Ultrinsic, “ULTerior motivation that produces intRINSIC love of knowledge” ("Ultrinsic," 2010), is a company that allows college students to bet on the grades they will receive during the semester. Students who get their predicted grade, or better, win back their wager, plus a reward from the company. Those who do not get the grade lose their wager. Ultrinsic claims that their monetary incentives motivate students to improve their grades and succeed academically. However, motivation research (Ryan & Deci, 2000) suggests that Ultrinsic’s monetary awards could backfire in the end (see http://www.psych.rochester.edu/SDT/theory.php for a summary of Ryan & Deci’s self-determination theory).
Currently, Ultrinsic is available to students at, but not affiliated with, 36 US colleges and universities (e.g., Harvard University). Undergraduate students who do not already have a 4.0 grade point average (GPA) can open an account by providing to Ultrinsic the school they are attending, their course schedule, and academic history. Ultrinsic verifies grades through official transcripts or online school accounts before depositing cash rewards into accounts. Students can use the rewards to place future bets or request a check.
Ultrinsic determines students’ rewards (see Figure 1) using an algorithm based on the amount wagered, the student’s GPA or academic history and the difficulty of the class. Although Ultrinsic allows users to see how much money they can win before they place a bet, students who typically get A’s and bet the same amount for the same grade as students who typically get C’s will win less money.
Figure 1: Ultrinsic’s Betting Activity Types & Hypothetical Contributions (adapted from Ultrinsic.com’s online demo)
*Incentives and Insurance are shown separately since most students would not bet on good and bad grades for the same course.
Although Ultrinsic claims its service promotes good scholarship, research suggests that this might not be the case over time. Studies show, for example, that individuals who receive financial external rewards for tasks experience less intrinsic motivation (i.e., motivation that is generated internally, such as interest or curiosity) to complete those tasks (Deci, 1971). Similarly, compared to extrinsic goals (i.e., goals that focus on external consequences outside of the task alone), intrinsic goals (i.e., goals that are self-satisfying independent of external factors) are more likely to lead to short and long-term persistence and a more comprehensive understanding of academic material (Vansteenkiste, Lens, & Deci, 2006). Furthermore, extrinsic goals can also predict several negative outcomes, including cheating (Anderman, Griesinger, & Westerfield, 1998). It is important to note that extrinsic motivation might enhance intrinsic motivation if individuals identify with and internalize extrinsic motivators (e.g., striving to receive a good grade [the extrinsic motivator] because one understands and values the importance of doing well in school for future quality of life). However, reward, punishment or deadline-driven extrinsic motivators are less likely to be internalized (Ryan & Deci, 2000).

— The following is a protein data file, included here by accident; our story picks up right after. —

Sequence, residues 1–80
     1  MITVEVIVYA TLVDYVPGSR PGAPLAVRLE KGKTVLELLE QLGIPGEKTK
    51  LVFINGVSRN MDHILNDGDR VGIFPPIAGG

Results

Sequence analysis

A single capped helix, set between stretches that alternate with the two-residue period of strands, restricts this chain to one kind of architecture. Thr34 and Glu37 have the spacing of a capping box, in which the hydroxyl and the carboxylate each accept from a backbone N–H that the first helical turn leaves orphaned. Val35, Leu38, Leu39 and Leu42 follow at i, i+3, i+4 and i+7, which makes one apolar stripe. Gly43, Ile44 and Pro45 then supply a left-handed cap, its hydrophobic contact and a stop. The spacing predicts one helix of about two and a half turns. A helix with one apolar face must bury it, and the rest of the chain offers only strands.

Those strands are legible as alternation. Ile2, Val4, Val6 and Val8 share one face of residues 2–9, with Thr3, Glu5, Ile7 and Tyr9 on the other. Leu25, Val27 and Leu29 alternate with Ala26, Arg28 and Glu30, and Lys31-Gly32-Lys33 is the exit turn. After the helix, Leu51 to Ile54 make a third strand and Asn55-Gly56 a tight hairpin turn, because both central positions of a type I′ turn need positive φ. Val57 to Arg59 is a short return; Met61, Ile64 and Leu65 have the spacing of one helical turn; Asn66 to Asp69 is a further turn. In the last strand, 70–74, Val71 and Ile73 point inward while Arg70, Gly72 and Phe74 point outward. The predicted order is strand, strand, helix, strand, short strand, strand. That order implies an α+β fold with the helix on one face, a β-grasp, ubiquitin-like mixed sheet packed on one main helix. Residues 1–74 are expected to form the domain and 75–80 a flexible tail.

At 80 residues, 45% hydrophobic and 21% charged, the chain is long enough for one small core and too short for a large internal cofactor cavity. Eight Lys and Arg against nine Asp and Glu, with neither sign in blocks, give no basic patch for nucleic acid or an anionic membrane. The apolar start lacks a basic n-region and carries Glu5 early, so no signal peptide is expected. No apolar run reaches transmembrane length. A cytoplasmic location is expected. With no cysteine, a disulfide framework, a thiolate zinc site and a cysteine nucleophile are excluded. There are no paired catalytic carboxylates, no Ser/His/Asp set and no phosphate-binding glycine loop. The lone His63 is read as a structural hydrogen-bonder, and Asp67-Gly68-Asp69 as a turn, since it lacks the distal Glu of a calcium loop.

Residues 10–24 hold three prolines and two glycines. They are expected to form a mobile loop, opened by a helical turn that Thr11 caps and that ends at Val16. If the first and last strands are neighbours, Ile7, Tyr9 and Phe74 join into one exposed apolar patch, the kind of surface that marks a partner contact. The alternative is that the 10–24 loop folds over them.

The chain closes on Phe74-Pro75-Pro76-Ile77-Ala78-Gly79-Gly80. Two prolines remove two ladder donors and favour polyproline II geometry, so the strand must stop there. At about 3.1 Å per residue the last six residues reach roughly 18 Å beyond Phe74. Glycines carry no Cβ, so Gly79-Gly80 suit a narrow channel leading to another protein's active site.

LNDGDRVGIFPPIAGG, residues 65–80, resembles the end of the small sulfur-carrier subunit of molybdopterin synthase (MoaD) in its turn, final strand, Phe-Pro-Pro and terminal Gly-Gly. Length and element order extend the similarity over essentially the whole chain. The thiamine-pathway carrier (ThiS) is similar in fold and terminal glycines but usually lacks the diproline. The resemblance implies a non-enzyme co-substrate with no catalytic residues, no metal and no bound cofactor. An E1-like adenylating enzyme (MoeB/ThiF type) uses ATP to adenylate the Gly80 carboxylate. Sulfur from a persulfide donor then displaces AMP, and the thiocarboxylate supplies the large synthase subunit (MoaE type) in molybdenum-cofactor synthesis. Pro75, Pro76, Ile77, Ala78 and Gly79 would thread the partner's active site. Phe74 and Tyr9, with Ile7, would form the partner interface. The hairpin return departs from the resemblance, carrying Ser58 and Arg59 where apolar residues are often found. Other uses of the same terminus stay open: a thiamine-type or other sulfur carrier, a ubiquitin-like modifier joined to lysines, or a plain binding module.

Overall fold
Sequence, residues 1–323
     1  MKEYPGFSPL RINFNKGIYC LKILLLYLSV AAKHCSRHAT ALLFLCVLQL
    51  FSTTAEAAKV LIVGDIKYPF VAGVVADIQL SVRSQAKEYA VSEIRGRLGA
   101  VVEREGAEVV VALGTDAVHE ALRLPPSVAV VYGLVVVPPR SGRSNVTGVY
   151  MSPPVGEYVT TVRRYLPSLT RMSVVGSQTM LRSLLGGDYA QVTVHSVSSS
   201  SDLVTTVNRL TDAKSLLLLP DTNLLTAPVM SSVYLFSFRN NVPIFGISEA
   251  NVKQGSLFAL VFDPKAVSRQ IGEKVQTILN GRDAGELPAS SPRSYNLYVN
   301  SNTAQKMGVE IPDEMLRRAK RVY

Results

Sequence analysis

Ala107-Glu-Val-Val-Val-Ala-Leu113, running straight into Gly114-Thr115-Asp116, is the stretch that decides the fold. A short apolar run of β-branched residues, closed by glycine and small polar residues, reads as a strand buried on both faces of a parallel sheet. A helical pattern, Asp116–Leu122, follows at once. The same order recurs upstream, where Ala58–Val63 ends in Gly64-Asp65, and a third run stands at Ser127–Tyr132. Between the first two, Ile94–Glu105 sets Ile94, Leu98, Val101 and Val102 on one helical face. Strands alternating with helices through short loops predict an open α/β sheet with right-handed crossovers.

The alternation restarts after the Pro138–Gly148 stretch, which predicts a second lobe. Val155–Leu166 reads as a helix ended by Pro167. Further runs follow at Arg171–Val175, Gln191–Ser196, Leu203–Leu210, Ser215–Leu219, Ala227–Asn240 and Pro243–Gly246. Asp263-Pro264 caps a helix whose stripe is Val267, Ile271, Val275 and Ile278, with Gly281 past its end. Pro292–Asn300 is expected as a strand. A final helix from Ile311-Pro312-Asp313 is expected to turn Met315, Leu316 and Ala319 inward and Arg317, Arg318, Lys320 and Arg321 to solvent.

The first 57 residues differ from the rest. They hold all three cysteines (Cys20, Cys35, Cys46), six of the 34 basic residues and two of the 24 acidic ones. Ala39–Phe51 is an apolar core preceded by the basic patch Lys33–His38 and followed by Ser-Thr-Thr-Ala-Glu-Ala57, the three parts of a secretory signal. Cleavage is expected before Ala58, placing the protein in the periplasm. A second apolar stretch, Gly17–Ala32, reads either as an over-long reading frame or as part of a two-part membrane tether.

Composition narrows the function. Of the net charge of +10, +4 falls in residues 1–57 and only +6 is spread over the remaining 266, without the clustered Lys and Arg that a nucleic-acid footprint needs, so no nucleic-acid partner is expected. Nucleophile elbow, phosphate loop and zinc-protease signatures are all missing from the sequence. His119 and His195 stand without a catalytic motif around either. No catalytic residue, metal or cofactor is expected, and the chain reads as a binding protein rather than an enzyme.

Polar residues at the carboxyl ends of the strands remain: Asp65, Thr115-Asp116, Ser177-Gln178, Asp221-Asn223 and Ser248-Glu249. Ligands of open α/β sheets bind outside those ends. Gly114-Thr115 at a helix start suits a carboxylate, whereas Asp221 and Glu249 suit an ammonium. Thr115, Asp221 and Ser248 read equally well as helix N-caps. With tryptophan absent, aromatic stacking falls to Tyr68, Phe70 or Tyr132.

Ultrinsic’s stated goal is to motivate students to achieve by giving them an opportunity to bet on their grades and receive a cash reward if they succeed. Motivation research suggests that Ultrinsic might compromise this goal. The company is providing an external reward that is not closely tied to intrinsic motivation. Also recall that Ultrinsic offers rewards for bad grades. If students do not possess intrinsic motivation to succeed academically, they could potentially use the site only for its pay-offs – slacking one semester and then doing really well the next to obtain the most money possible. Future empirical research is needed to determine how this company’s goal affects today’s students.
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Anderman, E. M., Griesinger, T., & Westerfield, G. (1998). Motivation and cheating during early adolescence. Journal of Educational Psychology, 90, 84-93.
Deci, E. L. (1971). Effects of externally mediated rewards on intrinsic motivation. Journal of Personality and Social Psychology, 18(1), 105-115.
Ryan, R. M., & Deci, E. L. (2000). Self-determination theory and the facilitation of intrinsic motivation, social development and well-being. American Psychologist, 55(1), 68-78.
Ultrinsic. (2010). Retrieved September 2, 2010, from http://www.ultrinsic.com/
University of Rochester. Self-Determination Theory: An Approach to Human Motivation & Personality. Retrieved September 2, 2010, from http://www.psych.rochester.edu/SDT/theory.php
Vansteenkiste, M., Lens, W., & Deci, E. L. (2006). Intrinsic versus extrinsic goal contents in Self-Determination Theory: Another look at the quality of academic motivation. Educational Psychologist, 41(1), 19-31.